At times practice is long and arduous, even from the coaching perspective. Occasionally, I don’t want to take that extra five minutes to talk to a runner about something I hope will just go away or that she can fix by herself. However, in returning to the role of an athlete—the person in need of coaching, I crave that outreach. I am hungry to know what my coach sees, and I want to improve. Did I make the adjustment she recommended effectively? How can I increase my flexibility? Such conversations are better suited for when we are “off the water.” That time after practice allows for dialogue and creative problem solving. One time, my coach even drew a sketch so I could visualize how to amend my stroke. Although we laughed at her illustrations, I valued the lengths by which she went to help me grasp the technique. Good coaching does not assume our athletes will get better by doing; good coaching initiates outreach so our athletes can succeed. Communication is paramount.

Here lies a paradox: I also believe it is important to let teens advocate for themselves and approach me with their questions. In my transition, I am more aware this can occasionally be difficult to do. Is now the time to ask? Is it really a big deal? When I return to coaching, I will encourage my runners to take the initiative to communicate with me as I will with them. I hope to provide a presence that indicates I am open and willing to talk. I will encourage my captains to model this philosophy of communication. It takes time and may even be a risk, but it is central to improving individually and as a team.

What I Have Lost
Many of us carry biases that can get in the way of good coaching. Returning as an athlete has helped me recognize one bias I carry that is worth losing. I often view this generation of young people as coddled and cajoled by the belief that everyone is a winner. I have seen my response to this mentality hinder my skill as a coach. To combat my belief that these kids grew up receiving prizes for everything, I committed to giving positive feedback only when it is deserved by my standards. I was proud of myself for using it sparingly and for what I believed to be appropriate. My transition from coach to athlete has encouraged me to think otherwise.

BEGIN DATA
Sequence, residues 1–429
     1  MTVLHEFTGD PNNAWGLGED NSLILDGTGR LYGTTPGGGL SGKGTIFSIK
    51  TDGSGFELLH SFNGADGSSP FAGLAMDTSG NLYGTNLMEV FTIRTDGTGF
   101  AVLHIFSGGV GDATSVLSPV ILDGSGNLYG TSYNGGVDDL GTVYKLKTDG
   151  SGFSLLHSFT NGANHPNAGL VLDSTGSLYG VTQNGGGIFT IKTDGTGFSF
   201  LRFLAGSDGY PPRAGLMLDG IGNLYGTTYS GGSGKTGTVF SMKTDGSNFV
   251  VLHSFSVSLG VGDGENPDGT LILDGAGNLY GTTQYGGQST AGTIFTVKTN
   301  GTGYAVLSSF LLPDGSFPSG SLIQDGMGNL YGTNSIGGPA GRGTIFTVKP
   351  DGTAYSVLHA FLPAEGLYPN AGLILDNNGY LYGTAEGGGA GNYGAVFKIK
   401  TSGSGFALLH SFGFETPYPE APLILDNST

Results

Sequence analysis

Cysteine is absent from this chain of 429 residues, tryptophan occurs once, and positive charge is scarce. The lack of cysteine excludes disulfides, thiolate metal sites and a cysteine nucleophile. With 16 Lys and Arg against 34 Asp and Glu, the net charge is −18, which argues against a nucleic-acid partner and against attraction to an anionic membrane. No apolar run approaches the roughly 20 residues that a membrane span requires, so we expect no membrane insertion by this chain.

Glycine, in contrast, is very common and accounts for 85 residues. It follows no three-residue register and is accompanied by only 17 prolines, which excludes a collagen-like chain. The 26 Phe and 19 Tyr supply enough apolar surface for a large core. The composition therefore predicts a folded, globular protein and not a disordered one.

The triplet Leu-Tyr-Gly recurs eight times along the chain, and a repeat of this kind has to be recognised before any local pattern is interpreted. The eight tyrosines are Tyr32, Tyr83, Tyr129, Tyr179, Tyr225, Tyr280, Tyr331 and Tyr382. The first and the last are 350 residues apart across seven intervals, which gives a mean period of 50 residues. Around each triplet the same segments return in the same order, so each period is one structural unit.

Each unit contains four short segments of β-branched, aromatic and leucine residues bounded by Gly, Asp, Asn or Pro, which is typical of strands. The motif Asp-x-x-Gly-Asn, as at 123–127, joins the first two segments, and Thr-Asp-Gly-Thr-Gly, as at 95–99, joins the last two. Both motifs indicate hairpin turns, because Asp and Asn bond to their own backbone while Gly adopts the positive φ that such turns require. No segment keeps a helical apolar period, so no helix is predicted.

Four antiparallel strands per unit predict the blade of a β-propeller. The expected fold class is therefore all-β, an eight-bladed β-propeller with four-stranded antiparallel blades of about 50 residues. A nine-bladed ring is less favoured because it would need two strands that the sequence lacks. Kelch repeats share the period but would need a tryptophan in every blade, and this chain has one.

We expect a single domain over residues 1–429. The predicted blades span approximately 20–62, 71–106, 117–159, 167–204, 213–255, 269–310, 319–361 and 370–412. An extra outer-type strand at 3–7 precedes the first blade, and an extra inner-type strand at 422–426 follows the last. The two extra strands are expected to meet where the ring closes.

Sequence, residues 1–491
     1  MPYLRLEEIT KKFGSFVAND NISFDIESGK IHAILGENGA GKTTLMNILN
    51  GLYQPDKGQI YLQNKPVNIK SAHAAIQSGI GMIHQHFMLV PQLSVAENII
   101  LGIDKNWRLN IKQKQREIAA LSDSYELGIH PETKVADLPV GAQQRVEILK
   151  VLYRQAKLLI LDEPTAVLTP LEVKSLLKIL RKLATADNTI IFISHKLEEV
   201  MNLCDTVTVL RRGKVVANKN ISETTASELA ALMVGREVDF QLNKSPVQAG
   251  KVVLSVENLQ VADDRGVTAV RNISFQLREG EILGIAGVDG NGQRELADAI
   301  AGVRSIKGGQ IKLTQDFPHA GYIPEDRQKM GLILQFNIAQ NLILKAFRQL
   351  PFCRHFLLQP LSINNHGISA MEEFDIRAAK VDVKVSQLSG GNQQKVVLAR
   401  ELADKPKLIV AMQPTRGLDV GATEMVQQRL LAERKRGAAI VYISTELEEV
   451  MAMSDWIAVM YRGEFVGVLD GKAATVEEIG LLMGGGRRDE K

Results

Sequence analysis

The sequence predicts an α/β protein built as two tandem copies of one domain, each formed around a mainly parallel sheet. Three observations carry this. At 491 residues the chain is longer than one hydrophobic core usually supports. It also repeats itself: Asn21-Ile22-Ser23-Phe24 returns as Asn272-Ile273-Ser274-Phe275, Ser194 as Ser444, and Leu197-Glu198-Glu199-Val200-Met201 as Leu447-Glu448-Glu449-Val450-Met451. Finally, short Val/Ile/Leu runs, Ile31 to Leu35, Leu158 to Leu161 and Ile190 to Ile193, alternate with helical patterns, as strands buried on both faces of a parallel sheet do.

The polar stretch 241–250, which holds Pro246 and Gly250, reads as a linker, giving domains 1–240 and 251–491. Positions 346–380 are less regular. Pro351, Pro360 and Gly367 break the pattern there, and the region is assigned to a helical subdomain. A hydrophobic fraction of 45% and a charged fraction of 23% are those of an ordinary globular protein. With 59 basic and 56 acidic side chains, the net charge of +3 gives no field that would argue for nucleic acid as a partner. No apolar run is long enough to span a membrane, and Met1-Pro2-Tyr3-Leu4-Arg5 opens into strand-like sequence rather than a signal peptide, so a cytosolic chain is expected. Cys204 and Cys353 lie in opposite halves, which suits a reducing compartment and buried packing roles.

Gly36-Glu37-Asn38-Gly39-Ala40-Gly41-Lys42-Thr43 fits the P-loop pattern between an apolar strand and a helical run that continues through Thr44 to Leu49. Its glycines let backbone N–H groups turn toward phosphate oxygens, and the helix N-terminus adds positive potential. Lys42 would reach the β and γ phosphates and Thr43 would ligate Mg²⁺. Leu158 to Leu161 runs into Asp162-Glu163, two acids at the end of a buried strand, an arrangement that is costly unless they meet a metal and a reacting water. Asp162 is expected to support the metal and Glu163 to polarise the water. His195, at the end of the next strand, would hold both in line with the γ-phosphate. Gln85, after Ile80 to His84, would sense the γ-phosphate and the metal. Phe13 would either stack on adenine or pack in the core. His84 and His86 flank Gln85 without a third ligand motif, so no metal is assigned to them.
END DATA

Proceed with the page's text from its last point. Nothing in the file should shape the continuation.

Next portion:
Not all of our athletes are maestros or naturally competitive. They need encouragement, and a little affirmation can go a long way. On the water, I am frequently told what I need to fix by both the coxswain and my coach. When I hear that I have made a good adjustment or the recognition “that’s it!” I thrive. I keep my focus and try to repeat the change I made for the better. When I don’t hear anything, it is very easy to get down on myself. Different coaches have different philosophies such as “sandwich a recommendation between two commendations.” Whatever ratio of positive to negative remarks you decide to give, be sure the positive is loud and clear.

What I Have Loved
Without a doubt, I love being on a team. Athletes join organized sports because competition and play is fun, and so is being on a team. Obviously, without seven other rowers and a coxswain, crew is a different sport. Being on a team again has helped me realize the value in committing to something larger than myself and my own goals. Being late or missing practice impacts others. I also now hold a deepened appreciation for the unique talents each individual brings to the whole. For example, when I told my teammate Dana after practice that I loved rowing behind her she was caught off guard and said “Most people don’t like sitting behind me because they get wet” (due to her backsplash). When I responded by saying, “You pull harder than anyone else on this team and I know you’re extremely competitive. I’m competitive, but I need someone else to fire me up” I verified what I know in myself through the example of another athlete. I will encourage my runners to recognize the gifts their teammates bring to the team and learn from their example. Who on this team runs hills hard? Who really knows when to pass a girl? It is much more fun to learn and work together.

Not all coaches may have the opportunity to participate in a sport different from the one they coach, but participating on a team, pushing yourself as an athlete, and setting goals can be a great opportunity to test yourself and examine: What can I learn? What might I need to lose? And what do I love about my sport? There are things to take with us and things to leave on the water or on and off the trail as I will when I return to coaching this fall.